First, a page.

At least until recently, a lot of filmmakers assumed that they could get on any platform they needed to be on just by calling up Distribber or another aggregator like Quiver. With the fallout of the fall of Distribber, many filmmakers are wondering what they can do for distribution. So, I thought I’d share some knowledge as to what platforms a filmmaker can still get on themselves using aggregators like Quiver, and what platforms you’ll need an accomplished sales distributor, or producer’s rep to get on.
I’m going to break this into general media right types. If you’re not sure what that means, learn more by clicking through to the related blog below.
Related: Independent Film Media Right types.
Also, this analysis is based not he US Market
For filmmakers, the most economical solutions tend to be either paying to rent a theater for a few screenings, or using a service like Tugg, to have a screening demanded if the film has enough of a following to make it work. I have my issues with their model, but that’s a topic for a future blog/video.
Distributors have a lot more options for physical media than filmmakers tend to. Some distributors still replicate DVDs on a massive scale, which gives them the ability to get higher quality disks and get them into brick and mortar stores like WalMart,Target, Family Video, or kiosks like Redbox. Many distribution companies also have access to libraries. Also, Blu-Ray in general is only really available on a wide scale through a distributor.
Even if they use a Manufacture on Demand (MOD) service, they tend to have access to companies who will put them out on the online storefronts of pretty much anywhere that sells DVDs and Blu-Rays. This is largely due to the fact that those companies tend to only publish catalogs.
If you’re a filmmaker, you’ll generally be limited to either buying a few thousand DVDs with no guaranteed warehouse solution or distribution network, or you’ll be limited to using something similar to Createspace to put them up on Amazon. While this tends to have the highest margins, it doesn’t tend to move a lot of product, and the quality of the product is generally pretty low.
Broadcast, PayTV, and Ancillary (Generally Airline)
To get on any network or paytv channel, you’ll need the help of a distribution company. Same for airlines. These entire right types are not generally available to you as a filmmaker.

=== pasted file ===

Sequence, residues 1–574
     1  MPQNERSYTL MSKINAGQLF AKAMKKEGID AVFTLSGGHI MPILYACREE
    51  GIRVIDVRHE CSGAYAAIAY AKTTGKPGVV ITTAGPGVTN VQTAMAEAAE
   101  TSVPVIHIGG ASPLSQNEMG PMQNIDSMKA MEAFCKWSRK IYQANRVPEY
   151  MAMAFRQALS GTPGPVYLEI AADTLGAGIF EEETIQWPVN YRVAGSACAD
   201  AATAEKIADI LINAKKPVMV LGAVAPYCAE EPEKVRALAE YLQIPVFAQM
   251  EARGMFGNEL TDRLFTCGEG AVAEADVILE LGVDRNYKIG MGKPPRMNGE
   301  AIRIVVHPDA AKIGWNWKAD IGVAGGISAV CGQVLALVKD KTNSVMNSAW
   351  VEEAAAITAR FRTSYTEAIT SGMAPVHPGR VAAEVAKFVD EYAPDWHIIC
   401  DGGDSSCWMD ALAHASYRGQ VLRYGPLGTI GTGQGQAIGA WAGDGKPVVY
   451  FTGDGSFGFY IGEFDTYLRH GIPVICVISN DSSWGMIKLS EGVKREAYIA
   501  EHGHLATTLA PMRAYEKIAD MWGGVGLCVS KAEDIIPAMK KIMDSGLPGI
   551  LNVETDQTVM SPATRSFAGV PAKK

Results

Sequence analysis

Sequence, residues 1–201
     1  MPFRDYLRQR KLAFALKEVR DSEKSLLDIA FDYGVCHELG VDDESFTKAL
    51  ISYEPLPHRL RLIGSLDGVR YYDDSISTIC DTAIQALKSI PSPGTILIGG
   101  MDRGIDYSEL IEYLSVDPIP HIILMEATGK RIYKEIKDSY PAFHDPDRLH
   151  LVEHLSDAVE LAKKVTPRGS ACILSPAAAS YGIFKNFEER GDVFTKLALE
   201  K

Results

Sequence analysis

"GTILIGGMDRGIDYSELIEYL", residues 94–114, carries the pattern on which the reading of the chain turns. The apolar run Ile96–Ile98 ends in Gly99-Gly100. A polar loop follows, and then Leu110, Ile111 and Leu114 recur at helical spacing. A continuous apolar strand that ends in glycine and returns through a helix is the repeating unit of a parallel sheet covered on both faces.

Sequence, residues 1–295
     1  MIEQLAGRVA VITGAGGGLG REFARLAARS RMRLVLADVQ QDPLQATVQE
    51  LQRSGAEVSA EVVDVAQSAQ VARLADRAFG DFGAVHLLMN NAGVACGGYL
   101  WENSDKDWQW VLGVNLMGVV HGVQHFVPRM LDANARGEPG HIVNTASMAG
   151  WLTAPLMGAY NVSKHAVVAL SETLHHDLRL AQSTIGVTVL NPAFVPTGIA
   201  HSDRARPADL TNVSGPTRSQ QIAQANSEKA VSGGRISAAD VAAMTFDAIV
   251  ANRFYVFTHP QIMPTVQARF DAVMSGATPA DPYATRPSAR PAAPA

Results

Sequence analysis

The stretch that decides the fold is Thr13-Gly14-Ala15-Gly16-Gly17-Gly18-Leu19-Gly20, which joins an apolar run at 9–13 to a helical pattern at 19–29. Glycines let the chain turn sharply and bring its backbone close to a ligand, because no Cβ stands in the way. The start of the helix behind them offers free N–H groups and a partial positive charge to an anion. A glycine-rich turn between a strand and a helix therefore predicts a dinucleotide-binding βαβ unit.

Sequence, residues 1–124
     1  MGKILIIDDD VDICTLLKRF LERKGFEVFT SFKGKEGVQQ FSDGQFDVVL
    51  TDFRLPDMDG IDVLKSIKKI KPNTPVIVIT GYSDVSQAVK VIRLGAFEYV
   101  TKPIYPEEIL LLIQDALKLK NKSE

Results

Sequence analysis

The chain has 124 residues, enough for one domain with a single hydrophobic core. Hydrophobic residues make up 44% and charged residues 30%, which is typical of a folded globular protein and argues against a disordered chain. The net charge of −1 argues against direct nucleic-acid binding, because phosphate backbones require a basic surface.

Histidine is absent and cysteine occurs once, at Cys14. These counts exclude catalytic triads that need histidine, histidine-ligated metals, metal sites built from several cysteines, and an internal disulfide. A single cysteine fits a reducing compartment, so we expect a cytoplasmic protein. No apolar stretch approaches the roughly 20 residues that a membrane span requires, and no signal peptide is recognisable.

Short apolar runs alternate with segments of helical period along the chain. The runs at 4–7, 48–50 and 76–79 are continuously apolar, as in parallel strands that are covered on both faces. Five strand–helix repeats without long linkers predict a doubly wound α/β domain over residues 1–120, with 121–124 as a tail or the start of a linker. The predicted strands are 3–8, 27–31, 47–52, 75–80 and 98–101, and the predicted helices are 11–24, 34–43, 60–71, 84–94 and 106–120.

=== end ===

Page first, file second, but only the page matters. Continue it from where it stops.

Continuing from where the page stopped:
Video On Demand (VOD)
For ease, I’m going to break this into a few categories that are generally accepted within the industry. Those categories are Transactional VOD (TVOD) Subscription VOD (SVOD) and (AVOD)
Transactional Video On Demand (TVOD)
In General, TVOD is pretty accessible to filmmakers on their own. Filmmakers can pay an aggregator to get you on most platforms for a fee. These platforms include iTunes, Google Play/YouTube, Fandango Now, and many others. Also, Filmmakers have been able to put their own work up on Amazon Instant video largely for free until recently, although it seems those winds may be changing. Either way, filmmakers can use Vimeo OTT or Vimeo On Demand to sell the film directly through their website.
There are, however, more than a Few TVOD platforms that only a distributor can access. These include a subset of TVOD called Electronic Sell Through VOD (ESTVOD) that’s primarily used for paid on demand offerings of cable and satellite providers, as well as the occasional hotel chain. The hotel chain VOD offerings have greatly declined in recent years as free WiFi has become commonplace. Additionally, there’s a service that enables your content to be rented through library systems that’s only accessible to distributors with decently sized catalogs.
Subscription Video on Demand (SVOD)
In order to get on any platform like Netflix, Hulu, Disney+, HBO NOW, HBO MAX, or any other major streaming platform, you need the help of a distributor. Distribber SAID they could pitch you, but that turned out to not be as true as you might hope, and their pitch fee was the size of most commissions a sales agent would take. Also, their success rate was abysmal for someone charging up front. This was primarily due to them pitching dozens of films a month, and as such them not getting much attention.
If you want to utilize your SVOD rights as a filmmaker, you pretty much have three options. Put it on Amazon Prime, (at least for now.) You can start your own subscription service using Vimeo OTT, or try to sell it to people who started their own subscription services that you’ve found. I doubt those last people will have much money though.
Advertising Supported Video On Demand (AVOD)
Finally, we come to Advertising Supported Video on Demand, or AVOD. This is an exciting space that’s only recently emerged. The two biggest players that do it profitably are TubiTV and PlutoTV. Both of which only deal with filmmakers and sales agents with large catalogs of high quality, distributable films. This means they generally only deal with distributors or sales agents.
If you’re a filmmaker, you can put your movie on YouTube in the normal way for AVOD dollars, but it’s generally inadvisable for feature film content. It’s good for vlogs about film distribution though..,
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My name is Ben, I'm an Entrepreneur, Producer's Rep, and Author. I'm the founder of Guerrilla Rep Media, Co-Founder/CMO of ProductionNext, and founder of Producer Foundry. Together, the organizations seek to help make filmmaking a more economically sustainable endeavor. I am dysic, I have capitalization issues, and the blogs are often unedited. opinions all my own.